In our study HV and FMD were significantly positively correlated with the number of organ failure cases, 28-day ICU, and ventilation-free days. Similar results were obtained with HV but not with FMD in the study by Wexler et al. [8].

Our finding is in agreement with that of DeBacker et al. [7], who studied 42 septic patients. FMD in septic patients was significantly lower than that in healthy controls. Most of the nonsurvivors (86%) showed a decline in sequential FMD analyses, whereas only 43% of survivors showed a reduction in FMD (P=0.01).

Our finding also goes hand in hand with the results of Vaudo et al. [23], who found that septic patients with lower FMD at hospital admission experienced worsening severity of illness (SOFA score) over time. Vaudo et al. [23] selected patients with Gram-negative sepsis and excluded patients with diabetes mellitus, hypertension, smoking, hyperlipidemia, and obesity. In addition, their patients were younger and without organ dysfunction at enrollment. In contrast, Wexler et al. [8] included nonselective consecutive patients with severe sepsis who were older, had higher comorbidities, and had greater severity of illness compared with those in the study by Vaudo et al. [23]; these characteristics probably blunted FMD in the study by Wexler et al. [8].

In our study, patients in GII were younger than patients in GI but were in the same age bracket and younger than 65 years, which may explain the highly significant FMD result when we compare the two groups, similar to the result of Vaudo et al. [23].

In our study Kaplan–Meier survival analysis between patients with FMD less than 3.4% and those with FMD more than 3.4% revealed significant differences (P=0.046), in contrast to the result of Wexler et al. [8].

In our study Kaplan–Meier survival analysis between patients with HV less than 30 and those with HV more than 30 cm/cardiac cycle as well as between those with velocity difference less than 13 or more than 13 cm/cardiac cycle revealed significant difference (P=0.046), similar to the result of Wexler et al. [8].

Implications of low hyperemic velocity in severe sepsis

Our findings are consistent with previous studies showing that other indices of RH (reactive hyperemia) as FMD (flow mediated dilation) and HV (hypermic velocity) are reduced in sepsis [24],[25],[26],[27],[28],[29], associated with illness severity [30],[31],[32], and associated with ICU mortality [33].

Our study shows that HV is independently associated with hospital mortality.

Heparin-binding protein levels as predictors of mortality

The 38 patients with mainly pulmonary and urinary tract infection were considered as GI and were referred to as the sepsis group. Only three patients developed septic shock at admission. GII (the control group) consisted of 10 patients who did not show any evidence of infection.

Blood culture and sensitivity was obtained from all patients but only 35 patients were positive (92.1%); there was no growth in three patients.

Linder et al. [34] studied a total of 179 patients: 151 patients formed the sepsis group (n=151) and the remaining 28 were ICU patients (the control group) who had been admitted for noninfectious conditions.

No control patient developed infections or shock at admission. However, 14 (50.0%) patients developed an infection later, and 24 (86%) were given antibiotics.

In our study HBP (ng/ml) in GII was significantly lower than that in GI at baseline, 48, and 96 h with highly significant difference (P<0.001).

The same results were obtained by Linder et al. [34], in whose study HBP levels were significantly higher in the sepsis group compared with that in controls at enrollment.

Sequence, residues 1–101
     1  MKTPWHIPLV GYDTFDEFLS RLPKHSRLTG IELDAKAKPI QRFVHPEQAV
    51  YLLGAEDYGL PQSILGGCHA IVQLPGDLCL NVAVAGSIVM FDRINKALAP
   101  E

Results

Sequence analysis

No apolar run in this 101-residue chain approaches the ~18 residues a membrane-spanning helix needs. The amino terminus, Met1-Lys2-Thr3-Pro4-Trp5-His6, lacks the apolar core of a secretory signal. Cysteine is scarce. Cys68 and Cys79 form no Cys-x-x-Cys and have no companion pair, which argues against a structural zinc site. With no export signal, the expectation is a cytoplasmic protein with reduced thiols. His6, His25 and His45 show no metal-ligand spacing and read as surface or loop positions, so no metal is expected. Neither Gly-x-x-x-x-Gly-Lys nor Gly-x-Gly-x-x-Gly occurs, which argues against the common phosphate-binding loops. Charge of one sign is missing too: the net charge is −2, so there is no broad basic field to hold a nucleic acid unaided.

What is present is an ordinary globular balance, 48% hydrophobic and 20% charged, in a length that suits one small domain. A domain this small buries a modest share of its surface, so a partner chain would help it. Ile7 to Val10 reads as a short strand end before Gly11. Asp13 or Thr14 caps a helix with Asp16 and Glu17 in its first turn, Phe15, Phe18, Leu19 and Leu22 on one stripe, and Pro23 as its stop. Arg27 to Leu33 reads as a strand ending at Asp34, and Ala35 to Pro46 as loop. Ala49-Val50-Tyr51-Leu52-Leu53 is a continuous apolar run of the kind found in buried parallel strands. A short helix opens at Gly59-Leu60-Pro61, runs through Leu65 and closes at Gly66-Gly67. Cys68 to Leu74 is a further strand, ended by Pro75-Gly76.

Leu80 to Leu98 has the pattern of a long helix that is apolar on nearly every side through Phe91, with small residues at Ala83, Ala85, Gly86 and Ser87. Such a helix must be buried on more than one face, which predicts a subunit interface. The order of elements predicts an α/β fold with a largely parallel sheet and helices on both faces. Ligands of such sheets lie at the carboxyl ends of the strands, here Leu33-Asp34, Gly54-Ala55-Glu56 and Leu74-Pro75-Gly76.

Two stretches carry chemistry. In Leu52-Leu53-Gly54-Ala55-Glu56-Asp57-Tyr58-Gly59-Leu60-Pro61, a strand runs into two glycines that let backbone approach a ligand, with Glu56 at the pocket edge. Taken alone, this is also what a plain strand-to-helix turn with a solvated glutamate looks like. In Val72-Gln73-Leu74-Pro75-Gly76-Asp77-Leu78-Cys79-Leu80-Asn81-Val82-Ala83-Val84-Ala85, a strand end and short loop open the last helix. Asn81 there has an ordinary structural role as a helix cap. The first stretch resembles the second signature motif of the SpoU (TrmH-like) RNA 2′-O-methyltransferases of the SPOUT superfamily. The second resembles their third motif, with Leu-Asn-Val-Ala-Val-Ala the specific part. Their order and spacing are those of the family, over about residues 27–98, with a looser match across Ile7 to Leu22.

In our study no significant difference was found between Gram-positive and Gram-negative bacteremia, with similar results obtained by Linder et al. [34].

Serial heparin-binding protein measurements

The median HBP levels were higher at each sampling time point among nonsurvivors compared with survivors in contrast to high-sensitivity CRP. These results go hand with hand with those of Linder et al. [34].



ROC analysis was used for prediction of mortality at baseline, 48, and 96 h at HBP cutoff levels more than 1.9, more than 1.8, and more than 1.6, respectively (P<0.0001).

But Kaplan–Meier survival analysis of 28-day mortality at baseline, 48, and 96 h revealed no evidence for interaction. This result agrees with that of Linder et al. [34], in whose study 28-day mortality increased four-fold among sepsis patients with initial HBP more than 15 mg/ml.

Predictors of mortality

ROC curve for prediction of 28-mortality using the HBPmax gave an AUC=1, P-value less than 0.0001, sensitivity 100%, specificity 100%, PPV=100%, NPV=100%, and associated criterion more than 3.8.

ROC curve analysis for prediction of 28-mortality using HBPmax, FMD, and HV gave an AUC=1, P-value less than 0.0001, sensitivity 100%, specificity 100%, PPV=100%, NPV=100%, and associated criterion more than 0.

ROC curves for prediction of 28-mortality using SOFAmax and APACHE II score compared with those using HBPmax, FMD, and HV did not show any difference between the two groups.

In our study there was no difference between variable as SOFAmax and APACHE II on one side and all our tests (HBP, HV, and FMD) on the other side in prediction of mortality, but our tests (HBP, HV, and FMD) have very high predictive value for morbidity (severe sepsis and septic shock) which is lost in universal scores (SOFAmax and APACHE II), our tests in the level of microvascular changes, which occurs early in the pathogenesis of sepsis before the scenario of MODS starts so the question why we delay to the start of the fatal scenario and predict that with universal scores (SOFA and APACHE II) and then start to give action (e.g. admission in ICU).


  Conclusion Top


Plasma HBP levels and brachial artery reactivity can predict severe sepsis and mortality in patients with sepsis.

Financial support and sponsorship

Nil.

Conflicts of interest

There are no conflicts of interest.

 
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    Figures

  [Figure 1], [Figure 2], [Figure 3], [Figure 4], [Figure 5], [Figure 6], [Figure 7], [Figure 8], [Figure 9], [Figure 10], [Figure 11], [Figure 12], [Figure 13], [Figure 14]
 
 
    Tables

  [Table 1], [Table 2], [Table 3], [Table 4], [Table 5], [Table 6]